The Magazine Covering All Aspects of The Indian World
Editorial Business Forum Political News Dispatches & Reports Letters Spotlight Lifestyle Health Spiritual Travel India Sport Scene
October - November 2007
A Taste of Ireland
by Gabi Otvos
The “emerald isle” lives up to its name - rain or shine, the land is green, beautifully green. Not that it is the only thing that cheers you up when you are over there: the locals are friendly and helpful, towns and villages are clean and looked after, food is ample and varied, and lakes, mountains and medieval buildings are a feast for the eyes. To top it all, people speak English and drive on the left!
It has not been an easy journey for things to be so good: Ireland has a long and painful history. The original Celtic inhabitants had to suffer the Viking invasion over a thousand years ago, followed by English occupation for several centuries. In fact, Ireland only became an independent country in 1921, after years of political and armed struggle. Since 1972, when it joined the EEC (European Union), the economy has gone from strength to strength; the population rose to over 4 million, and far from being one of the poorest countries in Europe Ireland has become one of the better off. It takes time, of course, for wealth to spread evenly, and signs of poverty remain. Nevertheless, there is a feel good factor about the country, and the future promises to be brighter still.
Dublin, the capital, is the fastest growing city in the EU and has a population of over a million. The large and leafy Georgian district, behind Trinity College and south of the River Liffey, is the legacy of 18th century Anglo - Irish aristocracy. It is possibly the most attractive part of the city. Trinity College (Dublin University) houses the Book of Kells, a magnificent, illuminated, medieval manuscript of the Gospel. The exhibition associated with this treasure, together with the Great Library of the college, is one of the city’s highlights. The Writers’ Museum, near the main thoroughfare of O’Connell Street north of the river, illustrates the immense contribution of Irish writers to world literature: Jonathan Swift, Oliver Goldsmith, Oscar Wilde, Bernard Shaw, James Joyce, Samuel Beckett – the list is endless. Not to be missed in Dublin is the superb Guinness Museum at the brewery itself, particularly if you are fond of Ireland’s national drink. Phoenix Park, west of the centre, is the largest urban park in Europe.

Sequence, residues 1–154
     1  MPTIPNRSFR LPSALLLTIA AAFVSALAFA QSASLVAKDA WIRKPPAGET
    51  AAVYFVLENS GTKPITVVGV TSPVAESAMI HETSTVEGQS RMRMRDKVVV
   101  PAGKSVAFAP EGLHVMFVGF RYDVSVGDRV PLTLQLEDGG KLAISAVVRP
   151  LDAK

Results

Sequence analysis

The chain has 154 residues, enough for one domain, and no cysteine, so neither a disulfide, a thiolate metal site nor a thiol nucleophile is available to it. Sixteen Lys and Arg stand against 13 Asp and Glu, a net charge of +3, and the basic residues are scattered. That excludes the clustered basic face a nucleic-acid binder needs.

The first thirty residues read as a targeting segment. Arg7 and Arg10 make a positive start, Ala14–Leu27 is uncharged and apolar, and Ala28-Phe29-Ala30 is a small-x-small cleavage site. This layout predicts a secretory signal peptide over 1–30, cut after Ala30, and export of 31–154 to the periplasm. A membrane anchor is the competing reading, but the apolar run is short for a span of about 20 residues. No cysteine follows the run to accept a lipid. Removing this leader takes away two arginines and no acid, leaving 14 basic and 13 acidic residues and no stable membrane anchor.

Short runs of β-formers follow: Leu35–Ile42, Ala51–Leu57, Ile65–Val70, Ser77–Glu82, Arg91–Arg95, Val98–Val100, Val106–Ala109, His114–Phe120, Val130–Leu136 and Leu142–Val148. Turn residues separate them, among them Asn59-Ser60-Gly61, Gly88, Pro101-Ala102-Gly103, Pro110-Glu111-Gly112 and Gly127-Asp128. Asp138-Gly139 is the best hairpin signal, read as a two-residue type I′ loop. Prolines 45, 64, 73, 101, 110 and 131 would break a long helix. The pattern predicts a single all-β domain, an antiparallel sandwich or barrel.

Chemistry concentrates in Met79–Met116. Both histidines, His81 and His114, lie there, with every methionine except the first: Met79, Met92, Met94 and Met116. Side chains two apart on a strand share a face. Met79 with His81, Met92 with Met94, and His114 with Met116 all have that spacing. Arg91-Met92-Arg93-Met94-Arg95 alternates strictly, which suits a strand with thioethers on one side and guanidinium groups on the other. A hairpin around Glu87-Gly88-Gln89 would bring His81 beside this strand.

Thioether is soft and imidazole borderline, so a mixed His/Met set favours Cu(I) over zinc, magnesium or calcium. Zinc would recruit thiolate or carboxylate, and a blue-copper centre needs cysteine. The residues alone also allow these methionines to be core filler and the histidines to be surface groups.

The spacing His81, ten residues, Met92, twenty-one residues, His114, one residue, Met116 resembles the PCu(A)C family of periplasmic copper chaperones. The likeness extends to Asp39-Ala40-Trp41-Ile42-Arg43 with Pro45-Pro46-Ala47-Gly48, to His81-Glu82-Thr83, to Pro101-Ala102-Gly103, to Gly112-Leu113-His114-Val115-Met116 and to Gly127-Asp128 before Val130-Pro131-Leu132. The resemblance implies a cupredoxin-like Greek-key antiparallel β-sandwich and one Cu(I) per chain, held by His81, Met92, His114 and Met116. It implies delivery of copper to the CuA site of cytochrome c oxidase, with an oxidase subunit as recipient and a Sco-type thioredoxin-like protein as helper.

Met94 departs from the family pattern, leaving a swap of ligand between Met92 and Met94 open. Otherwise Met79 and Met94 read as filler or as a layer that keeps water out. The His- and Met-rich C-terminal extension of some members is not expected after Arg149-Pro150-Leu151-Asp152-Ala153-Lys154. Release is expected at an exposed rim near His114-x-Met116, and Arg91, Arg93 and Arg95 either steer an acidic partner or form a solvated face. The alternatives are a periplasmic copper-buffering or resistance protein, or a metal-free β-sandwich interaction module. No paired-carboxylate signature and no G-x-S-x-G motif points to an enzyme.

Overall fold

The Wicklow Mountains, south of Dublin, are hills of about 800 - 1000 metres with unspoilt scenery and sights like the 120 metres high Powerscourt Waterfall, and the 6th century monastic settlement of Glendalough in its sheltered, beautiful and dramatic setting.
Kilkenny, the old medieval capital, is about 80 miles from Dublin. Its castle, river, cathedral, quaint streets and houses make for a very pleasant stop on the way to Killarney and Ireland’s lake district in the far south west. The Crafts Council of Ireland is based here, and has an excellent shop opposite the castle.
The Rock of Cashel, Ireland’s equivalent of Mont Saint - Michel, is a short drive from Kilkenny. Several medieval buildings are dramatically perched on a rocky outcrop above the small, attractive town of Cashel. It is a landmark which dominates the surrounding landscape, and can be seen from miles around.
Ireland has many other riches: the charming city of Galway, the Cliffs of Moher, Connemara, and the rugged, unique Aran Islands in the West, Donegal in the north, the coast of Skibbereen in the South, the valley of the River Boyne in the East. So much to see, and not to be rushed!